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With Not For

Pretend I am recruiting you to join my company, and in the process I say this:

Come work for me!

How does that make you feel when you hear it?

Now, what if I said this:

Come work with me!

Does that sound any different to you?

To me, one word can make a world of difference. In the first request, the use of for sounds like what a boss would say. It makes me think I am going to work for someone who is going to tell me what to do; my job will be to do what that person wants. Worse, my work will be for the explicit benefit of that person, more so than for my benefit, or for the company’s benefit. I will work for you – you will benefit from me. No, thank you.

But, just switching out the word for with the word with changes the connotation entirely. Now when I hear the request, “Come work with me,” I think of a workplace full of collaboration. I will be joining a team, and that team will be just as much mine as it is for those already there.

So what?

I am in the process of starting a company, and I have spent the better part of the last 15 years thinking about what this would mean. I have thought about, read about, and observed what works well and what doesn’t when it comes to growing an organization. Through my own experience, I know that building and promoting a strong culture based on shared values is invaluable to long-term sustainable success. The culture is defined more by what you do than by what you say, but it starts with the small things – maybe the choice of one word.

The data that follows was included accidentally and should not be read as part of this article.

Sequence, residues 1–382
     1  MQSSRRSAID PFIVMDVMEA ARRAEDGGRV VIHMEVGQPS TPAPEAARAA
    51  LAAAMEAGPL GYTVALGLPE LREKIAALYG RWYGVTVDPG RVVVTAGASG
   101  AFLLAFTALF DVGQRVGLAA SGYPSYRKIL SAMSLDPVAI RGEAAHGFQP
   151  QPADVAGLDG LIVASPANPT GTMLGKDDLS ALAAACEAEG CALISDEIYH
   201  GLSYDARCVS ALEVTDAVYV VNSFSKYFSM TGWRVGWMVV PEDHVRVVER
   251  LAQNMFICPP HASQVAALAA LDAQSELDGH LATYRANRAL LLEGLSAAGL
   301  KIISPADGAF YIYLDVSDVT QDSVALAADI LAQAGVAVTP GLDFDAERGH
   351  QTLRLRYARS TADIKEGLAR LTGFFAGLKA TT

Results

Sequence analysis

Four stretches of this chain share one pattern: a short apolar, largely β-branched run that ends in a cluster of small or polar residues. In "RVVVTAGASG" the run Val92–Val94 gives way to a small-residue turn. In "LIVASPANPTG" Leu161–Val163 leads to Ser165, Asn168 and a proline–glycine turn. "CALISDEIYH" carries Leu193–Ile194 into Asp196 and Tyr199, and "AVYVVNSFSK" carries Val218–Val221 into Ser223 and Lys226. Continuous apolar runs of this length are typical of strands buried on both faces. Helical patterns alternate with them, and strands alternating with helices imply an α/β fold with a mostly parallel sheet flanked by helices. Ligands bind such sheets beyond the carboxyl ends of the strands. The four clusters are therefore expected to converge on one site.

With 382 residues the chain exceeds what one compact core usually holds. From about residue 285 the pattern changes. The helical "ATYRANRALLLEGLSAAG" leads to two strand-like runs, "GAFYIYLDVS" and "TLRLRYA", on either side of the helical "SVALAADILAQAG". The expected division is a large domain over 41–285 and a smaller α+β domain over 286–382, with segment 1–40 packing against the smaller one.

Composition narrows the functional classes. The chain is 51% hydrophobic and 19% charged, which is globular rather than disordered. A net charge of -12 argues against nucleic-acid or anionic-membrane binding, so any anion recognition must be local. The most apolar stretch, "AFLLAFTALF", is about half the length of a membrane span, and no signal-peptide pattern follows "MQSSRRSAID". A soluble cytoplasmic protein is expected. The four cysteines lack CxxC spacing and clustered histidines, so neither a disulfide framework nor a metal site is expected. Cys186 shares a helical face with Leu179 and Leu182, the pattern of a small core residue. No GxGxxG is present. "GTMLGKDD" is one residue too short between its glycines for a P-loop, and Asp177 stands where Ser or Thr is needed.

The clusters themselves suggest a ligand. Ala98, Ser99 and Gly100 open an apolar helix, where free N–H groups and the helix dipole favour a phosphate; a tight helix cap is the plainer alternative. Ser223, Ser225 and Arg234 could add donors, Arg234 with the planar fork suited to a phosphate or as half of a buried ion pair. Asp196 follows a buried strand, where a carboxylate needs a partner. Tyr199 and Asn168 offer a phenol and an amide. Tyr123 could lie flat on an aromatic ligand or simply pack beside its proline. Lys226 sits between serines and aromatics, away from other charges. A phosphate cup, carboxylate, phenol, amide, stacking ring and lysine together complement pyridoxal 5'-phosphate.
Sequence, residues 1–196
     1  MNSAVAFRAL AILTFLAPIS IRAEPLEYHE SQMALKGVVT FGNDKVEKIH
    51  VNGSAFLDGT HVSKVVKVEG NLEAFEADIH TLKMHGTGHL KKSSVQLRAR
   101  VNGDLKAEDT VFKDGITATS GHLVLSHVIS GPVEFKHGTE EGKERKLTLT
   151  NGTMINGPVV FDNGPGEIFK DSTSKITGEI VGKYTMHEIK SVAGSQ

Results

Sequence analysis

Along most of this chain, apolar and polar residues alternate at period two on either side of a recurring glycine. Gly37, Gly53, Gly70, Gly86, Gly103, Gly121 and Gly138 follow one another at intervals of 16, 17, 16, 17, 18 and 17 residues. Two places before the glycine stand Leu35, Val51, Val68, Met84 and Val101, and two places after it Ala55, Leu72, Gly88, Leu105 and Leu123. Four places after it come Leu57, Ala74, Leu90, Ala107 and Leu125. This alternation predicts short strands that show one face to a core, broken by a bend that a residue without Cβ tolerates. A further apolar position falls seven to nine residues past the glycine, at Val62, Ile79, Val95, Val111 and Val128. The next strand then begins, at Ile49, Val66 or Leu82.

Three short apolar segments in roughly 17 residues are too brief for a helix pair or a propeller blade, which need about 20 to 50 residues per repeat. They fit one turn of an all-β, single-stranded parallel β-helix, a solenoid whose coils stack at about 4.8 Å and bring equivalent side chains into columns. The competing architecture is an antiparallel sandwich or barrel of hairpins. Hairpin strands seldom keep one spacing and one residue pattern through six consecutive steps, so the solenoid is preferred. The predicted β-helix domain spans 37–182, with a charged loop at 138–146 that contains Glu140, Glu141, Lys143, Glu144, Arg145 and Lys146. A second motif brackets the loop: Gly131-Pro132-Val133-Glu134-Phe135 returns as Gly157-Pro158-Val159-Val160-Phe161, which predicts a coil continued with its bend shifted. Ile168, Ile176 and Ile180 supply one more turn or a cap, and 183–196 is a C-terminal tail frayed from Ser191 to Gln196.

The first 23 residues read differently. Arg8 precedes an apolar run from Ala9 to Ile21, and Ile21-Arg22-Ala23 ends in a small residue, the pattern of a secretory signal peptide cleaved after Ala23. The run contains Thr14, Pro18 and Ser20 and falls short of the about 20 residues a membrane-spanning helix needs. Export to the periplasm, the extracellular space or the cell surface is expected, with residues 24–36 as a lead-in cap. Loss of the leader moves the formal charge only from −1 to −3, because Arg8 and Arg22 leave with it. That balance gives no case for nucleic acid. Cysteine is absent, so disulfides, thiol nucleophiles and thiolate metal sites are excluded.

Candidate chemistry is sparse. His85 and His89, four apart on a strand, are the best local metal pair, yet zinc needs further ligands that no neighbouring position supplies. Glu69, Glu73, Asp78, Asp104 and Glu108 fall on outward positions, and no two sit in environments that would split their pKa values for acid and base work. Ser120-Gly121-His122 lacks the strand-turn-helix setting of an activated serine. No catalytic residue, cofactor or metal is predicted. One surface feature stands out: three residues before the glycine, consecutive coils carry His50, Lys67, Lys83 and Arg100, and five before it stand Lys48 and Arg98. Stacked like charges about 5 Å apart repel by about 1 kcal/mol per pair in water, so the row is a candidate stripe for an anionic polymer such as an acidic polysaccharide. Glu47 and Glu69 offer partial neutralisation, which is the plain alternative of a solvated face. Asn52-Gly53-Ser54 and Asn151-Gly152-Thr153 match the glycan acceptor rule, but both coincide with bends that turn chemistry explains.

In my recent reading on organization-building, the insight that sticks out most is that the best way to define the values for the company is to first consider what you think are the basic characteristics of the people in the company, or even people in general. If you think people are lazy and greedy, you will build a company with rigid structure, top-down control, and compensation perversely meant to incentivize. On the other hand, if you think people are trustworthy, motivated, and creative, you will build a company that amplifies those characteristics to its advantage.

My goal is to build a company of trustworthy and motivated creative types. Sounds pretty straightforward, and I bet few people would argue that it sounds bad. But what counts is when the rubber meets the road.

Want to work with me?